previews and spoilers in a 2.0 age

This is only loosely library-related. I remember when one of the Harry Potter books came out and I was working in a library. I realized they got the book early and were just in some weird way honor bound not to reveal the ending, to ration the copies out fairly, etc. That seemed decent. Libraries do the same thing with DVDs, waiting to shelve and/or “release” them until a certain date. Now that entire very popular books like Harry Potter can be photographed and released via bittorent sites well in advance of their sale date, what does this mean for the adorable, if outdated, notion of these embargoes? Anyone who wants to read the Harry Potter spoilers and figure out who dies, click this link.

update: actually don’t bother clicking it since I’ve now gotten word that it’s wrong. Testing spoilers is so complicated. Last I checked there was someone posting what seem like real spoilers spamlike across a bunch of livejournal communities. Rocky few days ahead for people who don’t want to know what happens. Last I checked since then, the posts were being removed almost as fast as they were going up. However, the transcription project is already going well, though some people are claiming that the photographs have themselves been photoshopped to include fake “facts” and others claim there are at least two sets of book photos going around that are not at all the same.

6 Responses to “previews and spoilers in a 2.0 age”

  1. LibrarySupportStaff.Org » Harry Potter and the Copyrighted Material Says:

    [...] p.s. Jessamyn at Librarian.net has posted a link to a site that summarizes much of the posted book, chapter by chapter.  I warn you that the first thing your eye will see on the page, assuming it is true, will tell you a major, major element of the story.  I won’t know for a few days whether this has spoiled my reading of the book, but you get to decide whether it is better to wait and let J.K. Rowling tell you herself.  Jessamyn’s post is here, if you decide to take the risk.  The direct link to the summary is here.   [...]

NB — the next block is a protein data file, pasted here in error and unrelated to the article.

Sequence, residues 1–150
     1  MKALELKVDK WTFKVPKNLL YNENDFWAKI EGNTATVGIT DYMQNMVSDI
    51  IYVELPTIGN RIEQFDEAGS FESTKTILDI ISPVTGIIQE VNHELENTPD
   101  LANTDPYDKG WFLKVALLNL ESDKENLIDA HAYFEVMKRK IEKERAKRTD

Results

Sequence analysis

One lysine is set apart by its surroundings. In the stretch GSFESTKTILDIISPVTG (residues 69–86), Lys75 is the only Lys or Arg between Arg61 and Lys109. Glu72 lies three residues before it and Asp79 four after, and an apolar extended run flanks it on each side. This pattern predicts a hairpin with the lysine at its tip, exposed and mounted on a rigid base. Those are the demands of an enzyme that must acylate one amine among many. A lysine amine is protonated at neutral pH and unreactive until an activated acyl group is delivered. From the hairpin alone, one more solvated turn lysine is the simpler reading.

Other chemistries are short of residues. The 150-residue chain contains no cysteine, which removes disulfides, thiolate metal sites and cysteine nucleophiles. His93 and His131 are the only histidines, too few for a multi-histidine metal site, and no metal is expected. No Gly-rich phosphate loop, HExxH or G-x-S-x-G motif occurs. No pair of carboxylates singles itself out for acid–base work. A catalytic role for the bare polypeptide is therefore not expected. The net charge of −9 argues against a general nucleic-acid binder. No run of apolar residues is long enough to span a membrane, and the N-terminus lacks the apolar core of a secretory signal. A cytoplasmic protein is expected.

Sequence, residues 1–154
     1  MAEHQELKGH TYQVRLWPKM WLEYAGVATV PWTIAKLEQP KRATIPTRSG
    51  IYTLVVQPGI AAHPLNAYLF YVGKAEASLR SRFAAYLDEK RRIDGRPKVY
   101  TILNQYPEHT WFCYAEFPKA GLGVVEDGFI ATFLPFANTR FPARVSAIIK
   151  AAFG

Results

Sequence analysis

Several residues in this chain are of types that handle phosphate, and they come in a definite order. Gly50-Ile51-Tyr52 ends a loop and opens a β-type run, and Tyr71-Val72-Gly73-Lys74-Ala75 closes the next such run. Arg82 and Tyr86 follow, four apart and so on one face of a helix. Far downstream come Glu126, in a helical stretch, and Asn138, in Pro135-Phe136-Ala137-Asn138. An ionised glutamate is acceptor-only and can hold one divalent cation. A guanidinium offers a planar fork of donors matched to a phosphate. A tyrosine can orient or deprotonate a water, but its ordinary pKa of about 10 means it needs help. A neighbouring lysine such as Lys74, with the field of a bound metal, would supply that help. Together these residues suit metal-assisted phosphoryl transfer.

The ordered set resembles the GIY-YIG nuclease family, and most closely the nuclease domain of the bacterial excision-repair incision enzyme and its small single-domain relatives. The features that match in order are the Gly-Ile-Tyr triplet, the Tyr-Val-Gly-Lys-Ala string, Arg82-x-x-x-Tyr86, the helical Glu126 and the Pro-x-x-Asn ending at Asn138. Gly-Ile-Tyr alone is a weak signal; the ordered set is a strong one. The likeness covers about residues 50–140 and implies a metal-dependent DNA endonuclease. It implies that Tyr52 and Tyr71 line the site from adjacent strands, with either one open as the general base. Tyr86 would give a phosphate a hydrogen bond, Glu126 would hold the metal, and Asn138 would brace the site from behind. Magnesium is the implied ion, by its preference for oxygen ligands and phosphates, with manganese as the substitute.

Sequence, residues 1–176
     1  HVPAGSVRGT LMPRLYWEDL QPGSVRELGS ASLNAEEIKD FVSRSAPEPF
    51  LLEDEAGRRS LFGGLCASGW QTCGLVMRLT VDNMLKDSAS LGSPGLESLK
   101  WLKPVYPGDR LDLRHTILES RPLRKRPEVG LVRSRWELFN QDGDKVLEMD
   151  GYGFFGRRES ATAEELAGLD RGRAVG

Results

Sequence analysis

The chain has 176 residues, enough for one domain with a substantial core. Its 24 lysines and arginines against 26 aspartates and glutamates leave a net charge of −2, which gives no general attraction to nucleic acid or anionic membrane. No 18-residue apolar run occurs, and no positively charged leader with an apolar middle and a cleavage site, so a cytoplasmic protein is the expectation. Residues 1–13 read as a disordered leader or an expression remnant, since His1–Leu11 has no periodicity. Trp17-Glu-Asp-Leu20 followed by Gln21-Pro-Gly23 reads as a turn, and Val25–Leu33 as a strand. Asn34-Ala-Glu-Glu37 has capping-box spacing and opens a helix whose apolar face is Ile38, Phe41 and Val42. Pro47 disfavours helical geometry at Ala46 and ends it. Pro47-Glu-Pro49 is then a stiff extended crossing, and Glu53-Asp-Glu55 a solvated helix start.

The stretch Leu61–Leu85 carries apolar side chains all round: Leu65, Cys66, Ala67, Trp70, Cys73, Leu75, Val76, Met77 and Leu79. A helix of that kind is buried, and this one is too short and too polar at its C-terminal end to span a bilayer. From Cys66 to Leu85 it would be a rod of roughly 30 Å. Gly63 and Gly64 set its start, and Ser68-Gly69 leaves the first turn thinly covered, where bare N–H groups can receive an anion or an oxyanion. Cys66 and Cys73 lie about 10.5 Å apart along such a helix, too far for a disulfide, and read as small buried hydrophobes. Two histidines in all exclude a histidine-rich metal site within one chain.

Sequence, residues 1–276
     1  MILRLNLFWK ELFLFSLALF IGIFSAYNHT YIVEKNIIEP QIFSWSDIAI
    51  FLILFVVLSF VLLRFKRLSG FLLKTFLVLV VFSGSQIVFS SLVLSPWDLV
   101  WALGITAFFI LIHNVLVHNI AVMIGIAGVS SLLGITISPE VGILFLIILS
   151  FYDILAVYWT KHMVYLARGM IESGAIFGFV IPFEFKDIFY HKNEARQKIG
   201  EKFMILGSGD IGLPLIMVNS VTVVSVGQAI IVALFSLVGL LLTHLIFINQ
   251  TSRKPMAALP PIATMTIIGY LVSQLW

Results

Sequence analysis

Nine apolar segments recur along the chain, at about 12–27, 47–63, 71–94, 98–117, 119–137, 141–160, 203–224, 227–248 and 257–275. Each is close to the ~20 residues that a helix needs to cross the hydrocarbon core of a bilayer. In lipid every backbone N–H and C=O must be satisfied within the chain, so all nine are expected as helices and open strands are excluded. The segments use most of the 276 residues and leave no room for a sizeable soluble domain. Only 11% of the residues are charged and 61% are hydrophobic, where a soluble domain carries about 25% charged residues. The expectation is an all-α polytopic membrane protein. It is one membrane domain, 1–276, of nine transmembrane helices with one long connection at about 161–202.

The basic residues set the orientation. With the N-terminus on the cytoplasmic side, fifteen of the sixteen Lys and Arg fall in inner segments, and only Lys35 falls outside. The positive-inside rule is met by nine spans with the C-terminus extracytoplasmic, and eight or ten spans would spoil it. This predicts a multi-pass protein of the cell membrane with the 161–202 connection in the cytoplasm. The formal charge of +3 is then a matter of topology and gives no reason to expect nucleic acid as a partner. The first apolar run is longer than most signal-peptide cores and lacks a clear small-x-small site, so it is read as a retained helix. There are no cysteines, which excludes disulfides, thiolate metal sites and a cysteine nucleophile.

2. Emily Says:

    Spoilers on this book, including the scanned pages, have been very interesting, I agree. I wonder how much longer publishers will be able to keep books out of the public’s hands until a specified and much hyped release date. It already seems just about impossible.
    And I did not click on your (or any other) spoiler links… with a great deal of self control required! And I’m not yet sure if when I get my copy I will immediately flip to the last page to see if HP is dead or not. I am soooo tempted. I guess I’m getting used to living in a world of spoilers where the end is never a surprise any more.

  3. ELBERT L BRAGG Says:

    Life is like that we can”t wait to get their. When we should be feeling enjoyment in getting their. The story is what makes the book, or in this case books worth reading.

  4. See Also… » Blog Archive » Harry Potter and the Pirated Torrents Says:

    [...] Some blog posts this week–Jessamyn West’s Previews and spoilers in a 2.0 age and its subsequent update, where she noted that she had linked to apparently bogus Potter spoilers, and that there are multiple pirated electronic editions which themselves my be compromised with bogus information inserted via image manipulation techniques; plus Boing Boing’s take and the obligatory MetaFilter thread–had me thinking about book piracy, 18th-century-style. [...]

  5. Enjoying Potter mania « A Librarian’s Life Says:

    [...] CJers – almost every one of them – have attempted to avoid spoilers for “HP and the Deathly Hollows”, which in this age of web 2.0 is quite a challenge. One friend noted that even her knitting group list was dangerous! Some have mentioned that they and officemates cannot focus on their work. The coolest thing about CJers’ discussions, both on their personal blogs and via our email list, is their character analysis & their plot speculation. I can almost hear their squeals and excitement through the ether while they ponder whether Snape is hero or heel and speculate – with sound reasoning – who will die. [...]

  6. Linda Says:

    Actually the whole spoilers thing is very overrated and way over the top for some people.